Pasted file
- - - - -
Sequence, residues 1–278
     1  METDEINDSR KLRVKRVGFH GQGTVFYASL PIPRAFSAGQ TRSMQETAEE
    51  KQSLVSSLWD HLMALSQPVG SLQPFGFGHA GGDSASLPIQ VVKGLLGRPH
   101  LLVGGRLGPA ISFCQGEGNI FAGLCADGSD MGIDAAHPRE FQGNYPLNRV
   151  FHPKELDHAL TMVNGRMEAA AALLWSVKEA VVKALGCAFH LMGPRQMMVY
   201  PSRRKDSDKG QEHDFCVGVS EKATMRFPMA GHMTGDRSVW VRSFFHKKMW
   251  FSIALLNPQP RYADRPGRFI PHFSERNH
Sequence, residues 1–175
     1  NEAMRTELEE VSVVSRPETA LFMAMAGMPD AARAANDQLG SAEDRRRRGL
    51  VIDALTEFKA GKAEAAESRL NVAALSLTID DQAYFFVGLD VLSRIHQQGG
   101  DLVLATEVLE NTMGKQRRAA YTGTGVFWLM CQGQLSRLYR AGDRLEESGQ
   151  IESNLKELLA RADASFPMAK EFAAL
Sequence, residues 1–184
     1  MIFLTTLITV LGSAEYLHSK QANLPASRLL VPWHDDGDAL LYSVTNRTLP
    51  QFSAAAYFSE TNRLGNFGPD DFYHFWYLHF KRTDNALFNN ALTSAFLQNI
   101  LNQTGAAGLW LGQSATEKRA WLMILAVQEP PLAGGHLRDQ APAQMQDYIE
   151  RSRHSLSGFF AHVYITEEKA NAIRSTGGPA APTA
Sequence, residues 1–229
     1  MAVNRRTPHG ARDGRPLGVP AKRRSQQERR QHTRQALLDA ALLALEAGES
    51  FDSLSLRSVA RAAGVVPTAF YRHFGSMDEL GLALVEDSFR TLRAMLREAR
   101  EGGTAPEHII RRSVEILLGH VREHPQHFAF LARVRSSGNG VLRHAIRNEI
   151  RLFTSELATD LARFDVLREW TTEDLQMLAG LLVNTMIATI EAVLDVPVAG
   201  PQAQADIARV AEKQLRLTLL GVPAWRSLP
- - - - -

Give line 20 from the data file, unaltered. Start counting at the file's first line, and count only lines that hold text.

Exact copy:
    51  FDSLSLRSVA RAAGVVPTAF YRHFGSMDEL GLALVEDSFR TLRAMLREAR